We landed in Marco Polo Airport--can you think of a more appropriate name for the watery world of Venice's airport? March 1, 2015 proved to be cool, but sunny. Our guide met us, and led us to our taxi. Imagine my surprise to discover we'd be taxied by boat!

Venice. I always imagined it firmly attached to Italy--sinking, but attached. It's not. It's made up of 116 islands. Canals separate these islands and essentially form the city streets and boulevards.

Too cold for swimming. Lido's sandy beach and cabanas.
The city became defined during the Middle Ages. The buildings had been constructed in brick on cedar piers that have petrified into stone. The brick was covered with marble--the stuff of buildings in Italy as wood is too expensive.

The only island with cars is Lido. And that's where we stayed. This eight-mile island forms the barrier between the Adriatic Sea and the lagoon. On the seaside, rows and rows of cabanas line the sandy shore whose shallow waters offer summer fun.
Lobby of Villa Mabapa

In the 1800s, Islo del Lido was popular with artists and poets such as Shelley and Byron.

It is also known for its upscale shops. Although, when Neil and I roamed the city, shops were the last thing on our mind. We were hungry.

Which brings up an interesting point. If you want a cup of coffee--and even the cafe American is strong--you can pay two separate prices. One, the cheaper, is to order at the counter and drink it there. Europe rarely offers take-out. If you wish to sit, it will cost you more.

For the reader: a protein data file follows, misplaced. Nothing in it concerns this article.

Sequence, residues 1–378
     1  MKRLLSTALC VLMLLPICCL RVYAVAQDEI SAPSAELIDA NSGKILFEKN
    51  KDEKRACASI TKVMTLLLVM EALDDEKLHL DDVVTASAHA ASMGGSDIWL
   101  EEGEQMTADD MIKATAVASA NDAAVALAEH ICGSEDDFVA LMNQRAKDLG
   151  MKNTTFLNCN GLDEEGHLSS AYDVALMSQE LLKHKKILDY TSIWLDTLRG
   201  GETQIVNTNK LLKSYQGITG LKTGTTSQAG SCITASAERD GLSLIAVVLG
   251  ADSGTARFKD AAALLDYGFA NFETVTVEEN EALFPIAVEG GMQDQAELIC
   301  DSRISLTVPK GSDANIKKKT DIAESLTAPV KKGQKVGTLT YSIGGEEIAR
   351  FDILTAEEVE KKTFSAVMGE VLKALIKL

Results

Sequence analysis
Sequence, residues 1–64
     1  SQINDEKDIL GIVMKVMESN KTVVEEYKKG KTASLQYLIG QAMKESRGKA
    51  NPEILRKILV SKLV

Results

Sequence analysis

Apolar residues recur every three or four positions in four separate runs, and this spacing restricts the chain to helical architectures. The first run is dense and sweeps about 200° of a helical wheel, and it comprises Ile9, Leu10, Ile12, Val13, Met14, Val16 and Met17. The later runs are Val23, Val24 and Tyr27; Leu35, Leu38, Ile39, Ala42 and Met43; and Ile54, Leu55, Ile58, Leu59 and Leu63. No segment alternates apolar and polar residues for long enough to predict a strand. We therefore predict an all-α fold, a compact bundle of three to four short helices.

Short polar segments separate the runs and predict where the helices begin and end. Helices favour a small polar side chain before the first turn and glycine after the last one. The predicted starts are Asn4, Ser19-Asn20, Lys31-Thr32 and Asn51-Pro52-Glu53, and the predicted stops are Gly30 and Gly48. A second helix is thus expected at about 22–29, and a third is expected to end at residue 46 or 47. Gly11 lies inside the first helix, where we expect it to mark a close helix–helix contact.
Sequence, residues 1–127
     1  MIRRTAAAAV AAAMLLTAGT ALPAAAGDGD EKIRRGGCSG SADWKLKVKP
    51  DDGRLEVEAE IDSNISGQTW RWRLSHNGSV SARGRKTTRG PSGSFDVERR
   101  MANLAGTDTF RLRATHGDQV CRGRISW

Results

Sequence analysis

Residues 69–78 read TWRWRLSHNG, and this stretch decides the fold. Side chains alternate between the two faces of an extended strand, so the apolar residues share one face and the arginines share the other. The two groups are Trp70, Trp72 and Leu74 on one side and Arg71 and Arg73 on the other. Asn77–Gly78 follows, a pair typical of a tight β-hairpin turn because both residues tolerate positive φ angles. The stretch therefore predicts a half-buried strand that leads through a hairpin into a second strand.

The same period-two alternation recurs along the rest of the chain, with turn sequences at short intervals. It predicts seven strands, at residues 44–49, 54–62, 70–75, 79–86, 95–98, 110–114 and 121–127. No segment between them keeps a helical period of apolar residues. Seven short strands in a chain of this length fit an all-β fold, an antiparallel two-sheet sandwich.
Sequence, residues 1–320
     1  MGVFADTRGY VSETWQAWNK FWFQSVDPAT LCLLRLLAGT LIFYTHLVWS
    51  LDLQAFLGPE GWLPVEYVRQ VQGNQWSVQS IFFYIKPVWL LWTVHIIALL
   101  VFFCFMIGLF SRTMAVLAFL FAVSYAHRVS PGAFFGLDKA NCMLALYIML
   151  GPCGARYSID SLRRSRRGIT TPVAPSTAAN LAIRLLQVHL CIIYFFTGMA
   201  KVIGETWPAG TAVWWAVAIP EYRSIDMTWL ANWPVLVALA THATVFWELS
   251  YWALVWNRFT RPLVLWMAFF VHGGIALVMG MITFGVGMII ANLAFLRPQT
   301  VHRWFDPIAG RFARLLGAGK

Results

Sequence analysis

Lido has beautiful hotels. We stayed at the Villa Mabapa--shown left. Most hotels don't open until mid-March or April. Ours opened for our tour.

And one benefit of going off season, tourists don't abound and you can enjoy the sights. The weather can be cool, but as I live in the northern reaches of eastern New York, the Italian temps were quite pleasant.

Downtown Lido
A hearse. All transport is by boat
Lido is connected to the main island of Venice by the vaporetti. These are boats that serve as buses. It's about a fifteen minute cruise to get to the main island.

Seeing as I adore the water, this city is for me. But everything in Venice is expensive since everything--food, clothing, furniture--must be imported from the mainland.

Each day we stayed here was overcast. I do have it on good authority that you can see a fabulous sunset over Venice from the lagoon side of the island.